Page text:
Chronology of Canadian Copyright Law

The process of revising copyright has been ongoing for many years. While most of the folks with the Digital Copyright Canada forum joined this process in the summer of 2001, some earlier developments will be documented. Each entry will indicate the type of participant: government (the bureaucracy), parliament (members of the elected parliament), senate, court, citizens, NGO (Non-Governmental Organizations), Corporation, etc.

It is important to realize that Canadian copyright law has been constantly changing (See: The same “old” line), with major changes in 1988, 1997, and 2012.

What Copyright regulates are technological acts, and thus Copyright law must continue to be updated to reflect technological change. Our policy question is never whether there should be change, but whether the changes embrace or try to delay inevitable changes brought by new technology.

Please send me a note with any updates.

Department of Canadian Heritage: FAQ which contains History of copyright revision

Department of Industry: Copyright Reform Process



1872: Dominion of Canada bill
Westminster refused to ratify an 1872 Dominion of Canada bill that enshrined a fixed-royalty principle for Canadian publishers to re-print British copyrighted works (Allingham). A 1875 bill was ratified which only allowd Canadian republishing of books that had gone out of print.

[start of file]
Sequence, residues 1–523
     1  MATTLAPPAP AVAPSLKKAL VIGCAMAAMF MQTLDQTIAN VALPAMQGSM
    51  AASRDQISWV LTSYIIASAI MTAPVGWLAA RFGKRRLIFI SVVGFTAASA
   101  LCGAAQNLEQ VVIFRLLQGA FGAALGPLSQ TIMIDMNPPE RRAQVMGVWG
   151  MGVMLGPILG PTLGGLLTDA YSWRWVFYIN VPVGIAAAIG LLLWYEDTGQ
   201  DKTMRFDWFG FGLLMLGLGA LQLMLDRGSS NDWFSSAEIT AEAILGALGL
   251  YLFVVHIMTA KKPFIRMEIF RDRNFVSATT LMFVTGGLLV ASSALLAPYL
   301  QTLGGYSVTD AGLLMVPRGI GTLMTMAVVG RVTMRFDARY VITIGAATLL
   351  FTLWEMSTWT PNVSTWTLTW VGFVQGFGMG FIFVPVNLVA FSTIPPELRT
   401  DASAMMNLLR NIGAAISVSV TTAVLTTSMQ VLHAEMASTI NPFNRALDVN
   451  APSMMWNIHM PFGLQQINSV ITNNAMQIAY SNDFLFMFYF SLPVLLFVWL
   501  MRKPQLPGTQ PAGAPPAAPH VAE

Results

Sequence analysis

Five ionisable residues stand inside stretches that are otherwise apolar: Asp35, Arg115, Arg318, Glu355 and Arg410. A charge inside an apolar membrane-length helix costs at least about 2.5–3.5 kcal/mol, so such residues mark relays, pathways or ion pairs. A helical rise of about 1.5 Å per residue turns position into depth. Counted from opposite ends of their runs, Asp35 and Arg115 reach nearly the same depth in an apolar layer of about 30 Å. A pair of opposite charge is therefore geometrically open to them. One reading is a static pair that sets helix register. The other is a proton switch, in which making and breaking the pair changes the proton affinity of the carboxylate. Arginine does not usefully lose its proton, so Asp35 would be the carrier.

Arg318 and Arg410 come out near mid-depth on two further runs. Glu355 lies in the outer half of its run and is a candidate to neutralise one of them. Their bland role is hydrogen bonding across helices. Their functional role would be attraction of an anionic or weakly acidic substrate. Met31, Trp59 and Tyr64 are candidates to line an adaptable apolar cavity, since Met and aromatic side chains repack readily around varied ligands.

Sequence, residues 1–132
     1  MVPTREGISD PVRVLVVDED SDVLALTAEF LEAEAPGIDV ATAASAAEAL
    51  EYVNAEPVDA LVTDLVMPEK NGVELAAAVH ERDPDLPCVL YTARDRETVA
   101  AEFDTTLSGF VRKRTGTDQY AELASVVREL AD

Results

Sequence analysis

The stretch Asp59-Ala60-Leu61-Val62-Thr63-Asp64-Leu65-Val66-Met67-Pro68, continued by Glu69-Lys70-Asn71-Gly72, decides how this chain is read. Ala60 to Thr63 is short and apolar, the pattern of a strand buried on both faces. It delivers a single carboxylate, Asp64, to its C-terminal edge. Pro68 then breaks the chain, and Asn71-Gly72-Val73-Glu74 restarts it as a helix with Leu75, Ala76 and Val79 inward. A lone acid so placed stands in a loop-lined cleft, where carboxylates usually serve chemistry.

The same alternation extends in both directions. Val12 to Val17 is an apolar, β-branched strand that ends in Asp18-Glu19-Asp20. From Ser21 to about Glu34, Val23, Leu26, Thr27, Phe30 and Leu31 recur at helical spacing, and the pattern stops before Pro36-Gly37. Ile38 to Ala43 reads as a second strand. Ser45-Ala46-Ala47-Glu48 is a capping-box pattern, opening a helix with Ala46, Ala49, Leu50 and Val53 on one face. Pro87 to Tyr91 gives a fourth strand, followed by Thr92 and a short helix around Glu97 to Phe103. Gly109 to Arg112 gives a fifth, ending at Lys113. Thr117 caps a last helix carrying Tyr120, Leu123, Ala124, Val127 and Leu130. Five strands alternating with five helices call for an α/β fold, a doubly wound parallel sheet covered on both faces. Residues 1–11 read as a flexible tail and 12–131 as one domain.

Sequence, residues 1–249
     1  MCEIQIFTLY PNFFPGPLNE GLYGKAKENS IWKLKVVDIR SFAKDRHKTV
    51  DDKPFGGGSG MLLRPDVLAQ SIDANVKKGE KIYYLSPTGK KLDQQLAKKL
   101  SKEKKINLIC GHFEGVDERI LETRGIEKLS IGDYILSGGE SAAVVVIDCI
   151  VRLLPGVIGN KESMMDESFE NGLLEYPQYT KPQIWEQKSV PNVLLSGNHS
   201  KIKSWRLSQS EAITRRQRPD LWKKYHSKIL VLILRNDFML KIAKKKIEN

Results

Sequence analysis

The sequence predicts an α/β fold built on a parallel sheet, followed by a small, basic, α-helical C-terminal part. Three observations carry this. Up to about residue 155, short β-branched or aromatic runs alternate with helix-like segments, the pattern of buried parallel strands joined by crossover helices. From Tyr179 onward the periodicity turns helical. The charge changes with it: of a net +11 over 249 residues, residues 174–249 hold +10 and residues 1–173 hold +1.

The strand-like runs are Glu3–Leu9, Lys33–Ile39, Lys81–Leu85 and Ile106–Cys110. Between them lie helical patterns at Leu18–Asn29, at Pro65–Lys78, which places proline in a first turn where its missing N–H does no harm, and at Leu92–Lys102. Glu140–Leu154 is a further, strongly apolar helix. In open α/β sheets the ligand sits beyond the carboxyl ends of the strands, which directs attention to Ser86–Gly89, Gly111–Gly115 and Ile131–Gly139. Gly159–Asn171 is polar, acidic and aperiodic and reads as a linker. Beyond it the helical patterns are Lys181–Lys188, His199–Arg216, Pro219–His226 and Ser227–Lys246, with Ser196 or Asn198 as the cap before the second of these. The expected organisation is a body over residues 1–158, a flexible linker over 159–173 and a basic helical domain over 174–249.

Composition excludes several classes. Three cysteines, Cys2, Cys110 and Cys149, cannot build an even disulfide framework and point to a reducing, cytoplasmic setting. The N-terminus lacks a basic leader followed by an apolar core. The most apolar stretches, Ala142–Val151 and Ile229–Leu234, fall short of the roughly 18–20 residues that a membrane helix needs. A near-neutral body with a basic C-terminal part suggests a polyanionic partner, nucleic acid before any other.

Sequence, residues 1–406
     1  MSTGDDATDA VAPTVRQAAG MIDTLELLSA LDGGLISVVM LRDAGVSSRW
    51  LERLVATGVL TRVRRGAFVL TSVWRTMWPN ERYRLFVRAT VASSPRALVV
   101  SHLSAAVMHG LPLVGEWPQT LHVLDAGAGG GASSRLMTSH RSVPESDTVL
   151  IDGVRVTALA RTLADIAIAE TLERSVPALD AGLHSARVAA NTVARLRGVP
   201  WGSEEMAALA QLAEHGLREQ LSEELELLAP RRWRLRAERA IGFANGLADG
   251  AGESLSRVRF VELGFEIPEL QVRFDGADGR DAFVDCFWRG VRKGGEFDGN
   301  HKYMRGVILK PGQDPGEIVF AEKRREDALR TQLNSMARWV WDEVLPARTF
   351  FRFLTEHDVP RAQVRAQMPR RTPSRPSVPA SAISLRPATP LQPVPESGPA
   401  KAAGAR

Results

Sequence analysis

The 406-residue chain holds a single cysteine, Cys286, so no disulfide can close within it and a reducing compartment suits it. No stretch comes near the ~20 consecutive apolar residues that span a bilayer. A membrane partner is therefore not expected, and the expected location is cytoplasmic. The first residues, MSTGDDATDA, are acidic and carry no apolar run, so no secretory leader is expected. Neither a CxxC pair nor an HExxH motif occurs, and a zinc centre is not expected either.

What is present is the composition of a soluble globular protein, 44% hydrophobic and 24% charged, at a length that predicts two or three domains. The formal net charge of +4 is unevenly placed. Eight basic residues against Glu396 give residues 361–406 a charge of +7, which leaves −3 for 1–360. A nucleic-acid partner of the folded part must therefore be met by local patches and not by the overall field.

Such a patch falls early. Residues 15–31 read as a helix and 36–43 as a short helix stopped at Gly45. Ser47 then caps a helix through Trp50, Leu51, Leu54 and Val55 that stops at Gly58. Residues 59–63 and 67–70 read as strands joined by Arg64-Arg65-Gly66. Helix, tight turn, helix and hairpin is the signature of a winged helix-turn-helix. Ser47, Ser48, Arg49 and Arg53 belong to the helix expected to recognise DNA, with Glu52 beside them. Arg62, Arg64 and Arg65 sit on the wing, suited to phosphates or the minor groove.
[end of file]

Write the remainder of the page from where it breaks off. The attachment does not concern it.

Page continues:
1887
UK ratifies Berne Convention for the Protection of Literary and Artistic Works, which came into force on December 5, 1887.

1889
Canada "passed an act requiring that, in order to secure Canadian copyright, a book would have to be published in Canada within one month of its publication elsewhere" (Allingham)

1908
Legacy recording industry lobbiests like to mention this year, claiming that copyright hasn't changed much since this time.

The reality is that all aspect of the The Copyright Act, chapter seventy of the Revised Statutes of Canada, 1906, and chapter seventeen of the statutes of 1908, as well as all the enactments relating to copyright passed by the Parliament of the United Kingdom, so far as they were operative in Canada, were repealed as part of the 1921 act (Sections 47 and 48).

1911: U.K Copyright Act
Our copyright act is largely based on U.K. copyright law, and thus the history in the U.K. is important for analyzing Canadian law.

1921: An Act to amend and consolidate the Law relating to Copyright, (S.C. 1921, c. 24)

Full text of act: HTML, OpenDocument, PDF

"The Canadian Copyright Act is an evolving work product of Parliament striving to fulfill its constitutional responsibility for copyright. That responsibility, however, was not fully assumed until 1921, more than fifty years after Confederation. Until then it was divided between the Imperial Copyright Act and sections of other Imperial and Canadian statutes, e.g., the Criminal Code of Canada. During this time, the Parliaments at Westminster and Ottawa were often at odds over which provisions should prevail as the law of the land (Allingham 2001)." (Harry Hillman Chartrand)